I agree with Ruud that there is a tradition and culture of having guns in Minnesota homes. What’s changed are the types of guns. Military assault rifles with high-capacity magazines designed to quickly kill many people are a recent and sad addition and should not be part of our gun culture. We can have our gun rights while limiting the types of available firearms and who gets to own them.
Bob Elfstrand, Minneapolis
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Your unlimited gun rights. My grandchildren’s lives. No contest.
Mary Moriarty, Plymouth
Teachers just need support, not any side’s ideological spin
Katherine Kersten can use various studies and reports to spin her views one way (“Undisciplined,” March 18), while Julia Hill and Dana Bennis can spin their opposite views another way (“Let’s discuss race issues in schools — calmly,” March 20), using various “research-based practices such as restorative justice and circle processes” as their supporting evidence. Sadly, one side of the debate went so far as to say that the viewpoint of the other side was “contemptible” (a word that no educator would ever use when teaching a student how to deal with viewpoints opposite to their own). All three of them cherry-picked their data to support their views.
Now, just for a moment, let’s set aside the race piece and just view inappropriate classroom behavior. I would first ask the three writers if any of them is in the classroom on a daily basis with 35 elementary students or 150 secondary students and is personally experiencing the difficulties the classroom teacher faces when inappropriate classroom conduct is not answered with appropriate “teachable moment” consequences. Suspension should be used only in the most serious and severe situations, but some type of consequence, more than just a “now Johnny or Mary, don’t do that again,” should prevail as a sign that the powers that be are actually supporting the classroom teachers.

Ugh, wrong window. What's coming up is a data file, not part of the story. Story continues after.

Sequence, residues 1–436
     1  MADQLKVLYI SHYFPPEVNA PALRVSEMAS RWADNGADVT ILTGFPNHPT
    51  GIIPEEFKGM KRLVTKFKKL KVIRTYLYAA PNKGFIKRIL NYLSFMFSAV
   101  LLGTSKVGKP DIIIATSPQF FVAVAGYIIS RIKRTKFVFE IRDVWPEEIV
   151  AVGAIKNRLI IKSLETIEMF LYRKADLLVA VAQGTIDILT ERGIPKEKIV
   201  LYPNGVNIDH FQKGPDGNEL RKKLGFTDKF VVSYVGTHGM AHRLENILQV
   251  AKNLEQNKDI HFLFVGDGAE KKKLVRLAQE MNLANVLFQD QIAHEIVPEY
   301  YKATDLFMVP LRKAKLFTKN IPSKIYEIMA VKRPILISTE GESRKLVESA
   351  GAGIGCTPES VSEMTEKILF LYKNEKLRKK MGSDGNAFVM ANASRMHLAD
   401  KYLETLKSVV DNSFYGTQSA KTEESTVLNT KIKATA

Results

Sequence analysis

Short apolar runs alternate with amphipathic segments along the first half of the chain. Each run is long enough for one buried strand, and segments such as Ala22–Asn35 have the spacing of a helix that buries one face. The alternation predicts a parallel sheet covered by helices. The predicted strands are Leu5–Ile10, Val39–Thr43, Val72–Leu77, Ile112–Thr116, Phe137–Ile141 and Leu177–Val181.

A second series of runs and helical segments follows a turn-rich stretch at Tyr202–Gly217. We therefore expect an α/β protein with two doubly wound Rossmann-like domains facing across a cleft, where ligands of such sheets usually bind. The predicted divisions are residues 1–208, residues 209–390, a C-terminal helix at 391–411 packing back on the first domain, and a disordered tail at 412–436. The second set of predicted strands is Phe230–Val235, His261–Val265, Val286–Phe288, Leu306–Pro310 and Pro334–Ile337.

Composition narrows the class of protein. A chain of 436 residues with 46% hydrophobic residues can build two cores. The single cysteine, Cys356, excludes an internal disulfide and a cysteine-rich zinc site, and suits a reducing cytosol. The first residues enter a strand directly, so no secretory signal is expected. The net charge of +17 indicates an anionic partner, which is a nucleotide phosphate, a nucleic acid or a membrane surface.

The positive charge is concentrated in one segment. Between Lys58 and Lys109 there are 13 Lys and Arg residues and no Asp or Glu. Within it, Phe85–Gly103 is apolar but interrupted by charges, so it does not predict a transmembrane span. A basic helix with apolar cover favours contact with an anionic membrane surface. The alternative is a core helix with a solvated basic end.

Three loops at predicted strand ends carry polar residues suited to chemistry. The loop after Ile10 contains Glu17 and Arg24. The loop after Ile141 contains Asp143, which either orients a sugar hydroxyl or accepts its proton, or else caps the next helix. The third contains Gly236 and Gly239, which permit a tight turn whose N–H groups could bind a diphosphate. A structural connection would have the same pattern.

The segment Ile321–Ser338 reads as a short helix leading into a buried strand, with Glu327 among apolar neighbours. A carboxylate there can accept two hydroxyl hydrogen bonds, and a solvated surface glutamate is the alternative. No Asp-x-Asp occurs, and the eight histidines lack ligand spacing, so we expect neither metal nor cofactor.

Most teachers just want to be supported as they manage their classroom and do their teaching, but far too often this is not the case. Having been connected to public education for 50 years and still in the classroom as a volunteer three days of the week, I see firsthand how difficult teaching is in 2018 and how badly teachers need all the support they can get. They need more support than these three “spin doctors” are offering. Not having such support is the only thing that is really “contemptible.”
George Larson, Brooklyn Park
Evident, though unexamined, in article on racial wage gaps
A stunning footnote to the article about the racial-disparity wage gap at age 35 (“Black-white gap persists, even in affluent America,” March 20): Women of both races earned less than both groups of men. Compared with white men, women earned just 70 percent to 77 percent of the men’s salaries.
Gender bias is also thriving in the upper crust.
Melinda Erickson, Minneapolis
SERIOUS JOURNALISM, PART ONE
Put this tired trope to bed
Re: “Your boss wants you to nap — on the job” (StarTribune.com headline, March 20): Since this article has been appearing every few years for the last 30 years, you’d think napping at work would be the societal norm now, rather than a minor fad that gets written about every few years for the last 30 years.
Chris Keprios, Minneapolis
SERIOUS JOURNALISM, PART TWO
Anti-Trump bias is over the top
I just read Tuesday’s issue of the Star Tribune very carefully, and although I could have missed something, I don’t believe I did. The only mention of Barron Trump’s birthday was a small snippet in some column called “FACES”!
Now, if it were one of Obama daughters having a birthday, it more than likely would have made the front page with pictures and a story!
Wow, Star Tribune. Can you say “bias and prejudice”?
Dave Colburn, Hayfield, Minn.